Thursday, May 19, 2016

Monolith Metrics - Component Three

For better or for worse, doorways to our cthnonian self are indelibly imbedded in our psyche, and have been ab aeterno. The monolith, we realize, is a lot older than we think it is.

Of course the monolith is more than an unembellished jet-black slab.

The featureless simplicity of the shape - a simple geometric form - belies the complex profundity of its essence. Of course, as a mere block the monolith emits no menace, it simply is. Even Moon-Watcher himself literally forgets the existence of the brick once he has established it is neither edible nor a threat.

We should not dismiss the dark hunk so easily, though. There are several layers of meaning embedded in the chunk o' charcoal, and if one manages the inconceivable - scratching the surface of it - one finds it is veritably rife with symbolism and suggestion.

The Overmind

Perhaps the most obvious analysis is to compare the metamorphic capacity of the gateway to the transcendence of Man into the Nietzschean Übermensch. It has been said the opening leitmotif was chosen by Kubrick singly due to its majesty and brevity, but the tangential references to Zarathustra are difficult to ignore. The "perfect Intelligence" which Zoroaster ascribes to Mazda is fully realized in the monolith.

In Nietzsche's view, the übermensch is the purpose of the Earth, or rather, all of Creation exists in order to bring forth said super-human. And it must be remembered the übermensch prevails in the present, in the here and now, it is not an angelic post-mortem existence beyond these dying realms, þás sáwlung wuldorgesteald. Hence it is devoid of all need for deities and revelation; it is, in Nietzsche's words, the "death of God."

The Nietzschean transformation sequence is complete with the emergence of the Star Child, when Bowman as a panthera leo says "I will," and leaves the company of Man and ventures past the mouth of the Dragon - "on every scale glittereth golden Thou Shalt!" of all others, symbolized by the unobtainable monolith - and finally realizes his own will cannot prevail and can only submit.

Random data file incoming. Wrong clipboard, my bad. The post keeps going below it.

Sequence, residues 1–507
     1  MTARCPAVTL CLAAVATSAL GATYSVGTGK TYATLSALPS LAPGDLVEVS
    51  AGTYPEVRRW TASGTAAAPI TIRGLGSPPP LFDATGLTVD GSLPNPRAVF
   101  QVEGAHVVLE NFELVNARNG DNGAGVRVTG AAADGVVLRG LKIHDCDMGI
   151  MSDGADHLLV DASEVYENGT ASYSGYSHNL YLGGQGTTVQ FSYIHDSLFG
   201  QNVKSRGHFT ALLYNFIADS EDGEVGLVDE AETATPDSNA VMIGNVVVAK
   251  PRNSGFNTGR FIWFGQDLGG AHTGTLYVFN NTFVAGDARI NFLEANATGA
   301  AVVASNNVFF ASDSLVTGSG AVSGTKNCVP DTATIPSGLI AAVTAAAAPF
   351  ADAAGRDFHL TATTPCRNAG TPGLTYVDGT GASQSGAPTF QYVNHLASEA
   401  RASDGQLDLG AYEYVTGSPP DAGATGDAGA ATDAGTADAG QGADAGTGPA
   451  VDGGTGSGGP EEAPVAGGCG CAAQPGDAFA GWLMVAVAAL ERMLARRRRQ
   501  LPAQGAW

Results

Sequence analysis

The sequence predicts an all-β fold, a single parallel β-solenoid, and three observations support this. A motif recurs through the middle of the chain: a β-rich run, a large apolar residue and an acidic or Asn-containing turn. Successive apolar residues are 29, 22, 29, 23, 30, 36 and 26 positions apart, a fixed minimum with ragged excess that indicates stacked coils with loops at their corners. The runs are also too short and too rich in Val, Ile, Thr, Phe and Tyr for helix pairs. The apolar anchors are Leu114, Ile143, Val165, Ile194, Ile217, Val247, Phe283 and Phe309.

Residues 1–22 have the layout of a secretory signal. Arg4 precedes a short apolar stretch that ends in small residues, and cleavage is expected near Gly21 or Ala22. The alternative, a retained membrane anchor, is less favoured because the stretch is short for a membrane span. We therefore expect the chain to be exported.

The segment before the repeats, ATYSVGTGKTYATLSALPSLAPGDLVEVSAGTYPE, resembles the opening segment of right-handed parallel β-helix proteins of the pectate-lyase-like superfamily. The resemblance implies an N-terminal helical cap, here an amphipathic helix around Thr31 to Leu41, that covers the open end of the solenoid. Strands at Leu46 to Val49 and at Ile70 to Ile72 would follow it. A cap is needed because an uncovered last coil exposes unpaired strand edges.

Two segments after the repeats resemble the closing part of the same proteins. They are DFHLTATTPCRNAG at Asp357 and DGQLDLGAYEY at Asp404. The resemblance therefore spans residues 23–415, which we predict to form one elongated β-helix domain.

When Bowman returns to the present after having been transformed, he is essentially resurrected as a higher being, as a child, as the "sacred Yes." This being cannot be anything or anyone else but the übermensch; the "one who has died but who has been resurrected", and is now living on another plane, the egenomen nekros. The monolith is thus the final grammatikos, leading the traveler to enlightenment, to the Campbellian boon. The Star Child is of course the Nietzschean child, who no longer exists codependently, but is unrestrained, utterly free "for the sport of creation: the spirit now wills its own will ... its own world."

But there is much more to the monolith than this. It has, after all, a shape. A constitution.

Eternal Change

When the monolith is seen as pure Form, it cannot really be the Form for anything but the eternal, as we shall see. Before we do that we must acknowledge there exists a minor problem with this, however. Or not as much perhaps a problem as a lack of definition. It is impossible to ascertain whether the monolith represents the morphē or the eidos, or whether it is, indeed, its own form and ideal.

The monolith is due to its nature both the nominalist universal, as well as the platonist Form; it is "a shape for something that has no shape." The impossible perfection of the shape makes it a platonic Form, but since there exists nothing else that it can be a Form for, it is both its own Nominalist universal, as well as its own Nominalist particular.

Forms are immaterial, of course. Thus even the shape of the monolith is not real, it only resembles itself. And voilà, we thus paradoxically end up with the only post-Platonic conceptualized object in existence.

Change, perpetually fixed.

The changing chameleon nature of the slab is what makes it everlasting, for change itself is the only facet of permanence we can both control and be enslaved by. Schopenhauer acknowledged this when he said "change alone is eternal, perpetual, immortal."

It is best you don't think about it too much.

The Philosopher's Gravelly Voice

The monolith is fundamentally the Philosopher's Stone, the item of legend that had the ability to turn any metal into gold, turning the worthless into the possession most priced.